Lower Your Property Tax Bill – A New Year’s Resolution You Can Keep


For many, the start of a new year marks the time to make some kind of change in their lives and to be more like their ideal selves. For others, the month of January indicates that it is time to make a different change, one that is much easier to make: reducing their property tax bill. The New Jersey tax appeal process includes a number of steps and the use of an experienced property tax lawyer to guide you through the process. will make this New Year's resolution much easier to keep.

Since the New Jersey tax appeal season is approaching the start of the year, reducing your property taxes is a perfect New Year's resolution. Towards the end of January each year , every New Jersey landowner is supposed to receive their annual appraisal. It is the little green card that comes from the taxpayer's office. Since all properties in a particular municipality in New Jersey are taxed at the same rate, this is the assessment that differentiates one property owner's tax bill from another and is the real measure of whether a property is taxed fairly or not. The period during which a New Jersey appraisal can generally be appealed is from the time the appraisal is received until April 1 (May 1 if there has been re-evaluation or re-evaluation).

The first step to understanding if you are over-taxed is to understand how your property is assessed.

In New Jersey, your appraisal is the value at which your property was appraised during the last reassessment. Although the amount at which the municipality assesses your property changes from year to year, your assessment generally remains the same. Each year, each municipality in New Jersey is assigned an "equalization ratio," which is intended to reflect the current value of properties in a particular municipality relative to their value in the year of the appraisal.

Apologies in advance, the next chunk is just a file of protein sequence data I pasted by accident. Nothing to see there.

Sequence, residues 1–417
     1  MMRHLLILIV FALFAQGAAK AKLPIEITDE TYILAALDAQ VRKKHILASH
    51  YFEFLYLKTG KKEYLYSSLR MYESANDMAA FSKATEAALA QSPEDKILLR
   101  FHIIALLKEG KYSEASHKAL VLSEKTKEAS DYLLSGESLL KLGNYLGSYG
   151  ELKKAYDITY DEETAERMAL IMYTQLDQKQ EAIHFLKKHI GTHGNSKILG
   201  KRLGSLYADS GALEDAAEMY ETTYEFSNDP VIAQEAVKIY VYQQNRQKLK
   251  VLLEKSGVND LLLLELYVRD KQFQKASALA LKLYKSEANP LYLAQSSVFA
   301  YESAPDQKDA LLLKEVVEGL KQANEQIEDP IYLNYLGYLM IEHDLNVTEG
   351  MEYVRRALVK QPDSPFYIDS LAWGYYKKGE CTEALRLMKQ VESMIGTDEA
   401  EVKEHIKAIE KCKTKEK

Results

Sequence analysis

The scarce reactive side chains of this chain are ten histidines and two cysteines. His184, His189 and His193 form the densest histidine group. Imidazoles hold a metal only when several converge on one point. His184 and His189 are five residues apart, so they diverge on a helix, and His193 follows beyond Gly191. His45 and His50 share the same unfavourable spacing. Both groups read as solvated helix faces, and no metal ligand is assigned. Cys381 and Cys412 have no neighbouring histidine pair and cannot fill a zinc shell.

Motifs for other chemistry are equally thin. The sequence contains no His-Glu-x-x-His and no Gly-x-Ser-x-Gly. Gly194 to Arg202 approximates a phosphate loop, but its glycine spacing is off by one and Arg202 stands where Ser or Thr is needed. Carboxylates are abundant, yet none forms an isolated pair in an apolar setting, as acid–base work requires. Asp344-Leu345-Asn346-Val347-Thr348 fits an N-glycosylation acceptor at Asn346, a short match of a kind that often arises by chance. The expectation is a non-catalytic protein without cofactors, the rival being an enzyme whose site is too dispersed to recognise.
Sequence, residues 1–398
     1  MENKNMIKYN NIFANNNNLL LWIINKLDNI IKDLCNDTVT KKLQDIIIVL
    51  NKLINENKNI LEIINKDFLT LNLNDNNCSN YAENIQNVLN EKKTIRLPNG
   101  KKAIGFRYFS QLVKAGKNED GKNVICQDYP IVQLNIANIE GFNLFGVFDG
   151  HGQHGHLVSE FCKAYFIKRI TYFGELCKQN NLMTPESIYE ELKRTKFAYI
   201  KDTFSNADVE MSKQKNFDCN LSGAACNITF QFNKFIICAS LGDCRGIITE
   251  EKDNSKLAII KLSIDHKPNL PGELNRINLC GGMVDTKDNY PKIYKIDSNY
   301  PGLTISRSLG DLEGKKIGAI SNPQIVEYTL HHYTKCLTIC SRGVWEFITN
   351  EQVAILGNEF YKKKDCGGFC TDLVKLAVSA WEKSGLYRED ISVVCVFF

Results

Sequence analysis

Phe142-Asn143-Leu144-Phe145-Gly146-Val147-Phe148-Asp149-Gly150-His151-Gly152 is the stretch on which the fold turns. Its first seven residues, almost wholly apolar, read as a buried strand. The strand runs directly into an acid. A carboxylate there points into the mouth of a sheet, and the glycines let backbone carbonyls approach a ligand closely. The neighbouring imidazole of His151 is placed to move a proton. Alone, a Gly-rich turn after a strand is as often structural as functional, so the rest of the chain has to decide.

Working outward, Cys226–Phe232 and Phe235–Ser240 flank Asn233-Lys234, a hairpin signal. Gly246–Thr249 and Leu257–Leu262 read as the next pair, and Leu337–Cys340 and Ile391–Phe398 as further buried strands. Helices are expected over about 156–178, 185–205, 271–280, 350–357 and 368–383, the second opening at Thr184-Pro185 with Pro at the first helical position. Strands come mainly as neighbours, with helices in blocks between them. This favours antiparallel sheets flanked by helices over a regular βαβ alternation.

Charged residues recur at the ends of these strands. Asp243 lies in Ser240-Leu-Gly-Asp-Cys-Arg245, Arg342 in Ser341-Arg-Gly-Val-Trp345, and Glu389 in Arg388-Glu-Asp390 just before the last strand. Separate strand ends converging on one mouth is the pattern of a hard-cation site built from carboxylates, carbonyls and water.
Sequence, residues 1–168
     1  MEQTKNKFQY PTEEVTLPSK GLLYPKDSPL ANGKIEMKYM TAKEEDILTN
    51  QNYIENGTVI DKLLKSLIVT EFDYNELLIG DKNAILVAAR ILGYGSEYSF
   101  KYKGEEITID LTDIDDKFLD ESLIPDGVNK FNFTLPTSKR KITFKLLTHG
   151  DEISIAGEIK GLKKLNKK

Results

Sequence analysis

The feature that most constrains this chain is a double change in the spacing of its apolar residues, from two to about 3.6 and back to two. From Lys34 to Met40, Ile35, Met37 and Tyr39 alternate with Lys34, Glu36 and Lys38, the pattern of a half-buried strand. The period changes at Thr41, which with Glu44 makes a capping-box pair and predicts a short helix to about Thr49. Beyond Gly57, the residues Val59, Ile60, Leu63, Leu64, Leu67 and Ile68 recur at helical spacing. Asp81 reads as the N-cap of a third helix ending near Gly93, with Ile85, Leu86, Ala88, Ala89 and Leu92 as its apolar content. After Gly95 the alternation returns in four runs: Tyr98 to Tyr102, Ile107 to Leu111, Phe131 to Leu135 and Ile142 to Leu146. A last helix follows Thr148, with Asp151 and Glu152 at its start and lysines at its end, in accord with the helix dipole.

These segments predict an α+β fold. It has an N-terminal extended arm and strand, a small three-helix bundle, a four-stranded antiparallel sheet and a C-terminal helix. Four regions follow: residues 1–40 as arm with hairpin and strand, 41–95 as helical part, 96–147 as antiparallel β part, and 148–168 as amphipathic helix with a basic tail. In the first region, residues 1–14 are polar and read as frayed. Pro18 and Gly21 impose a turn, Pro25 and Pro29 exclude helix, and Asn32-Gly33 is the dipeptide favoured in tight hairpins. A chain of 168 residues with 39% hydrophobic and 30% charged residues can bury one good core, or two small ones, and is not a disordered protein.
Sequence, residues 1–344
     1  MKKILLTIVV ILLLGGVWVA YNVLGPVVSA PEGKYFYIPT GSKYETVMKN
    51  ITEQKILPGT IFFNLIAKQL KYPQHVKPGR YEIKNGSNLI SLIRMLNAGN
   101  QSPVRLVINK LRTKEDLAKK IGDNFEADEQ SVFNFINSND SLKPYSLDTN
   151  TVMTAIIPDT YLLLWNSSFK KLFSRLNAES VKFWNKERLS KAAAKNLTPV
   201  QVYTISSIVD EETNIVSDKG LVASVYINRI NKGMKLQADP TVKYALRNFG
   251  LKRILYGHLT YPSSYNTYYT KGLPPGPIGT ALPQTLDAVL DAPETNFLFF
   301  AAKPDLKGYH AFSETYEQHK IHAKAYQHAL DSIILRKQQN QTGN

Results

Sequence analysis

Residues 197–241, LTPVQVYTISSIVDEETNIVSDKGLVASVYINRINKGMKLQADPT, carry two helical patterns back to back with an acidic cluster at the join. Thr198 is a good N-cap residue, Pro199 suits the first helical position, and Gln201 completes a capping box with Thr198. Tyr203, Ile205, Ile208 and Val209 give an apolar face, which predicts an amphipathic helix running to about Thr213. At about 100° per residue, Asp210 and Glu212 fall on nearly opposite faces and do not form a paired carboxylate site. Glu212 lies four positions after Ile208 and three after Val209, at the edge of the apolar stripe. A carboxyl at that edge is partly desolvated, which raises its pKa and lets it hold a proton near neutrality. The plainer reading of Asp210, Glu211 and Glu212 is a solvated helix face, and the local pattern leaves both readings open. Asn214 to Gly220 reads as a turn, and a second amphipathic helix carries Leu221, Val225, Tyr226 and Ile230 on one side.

You can find the equalization ratio for your municipality by calling your city's taxpayer or the county tax office. It can also be viewed on the New Jersey Taxation Division website. The "average ratio" is the percentage of "real value" that your appraisal is deemed to be. In other words, divide your valuation by the equalization rate to get the true valuation of your property. This is the number that your appraiser actually uses to calculate your property tax, not your appraisal.

For many people, the decision to appeal their appraisal is easy once they have completed the actual appraisal of their property. For others, especially people who have owned a property for a long time and have not thought about buying or selling, the question of whether to appeal for an appraisal is less clear.

Here are several basic rules to take into account when deciding to appeal your assessment:

  • As your appraisal ages and your equalization rate decreases, it is more likely that your appraisal will not match the true value of your property.
  • Conversely, when an equalization ration exceeds 100% because the value of properties has fallen (as they have done in recent years), this means that on average, the properties are overvalued in these municipalities. The property owner still bears the burden of proving that their particular property is overvalued, but an average ratio of more than 100% is a good indicator of overvaluation.
  • When you live in a subdivision or neighborhood where properties are very similar and prices have dropped significantly, the value of your individual property has likely decreased and your appraisal and equalization ratio may not have not be keeping pace.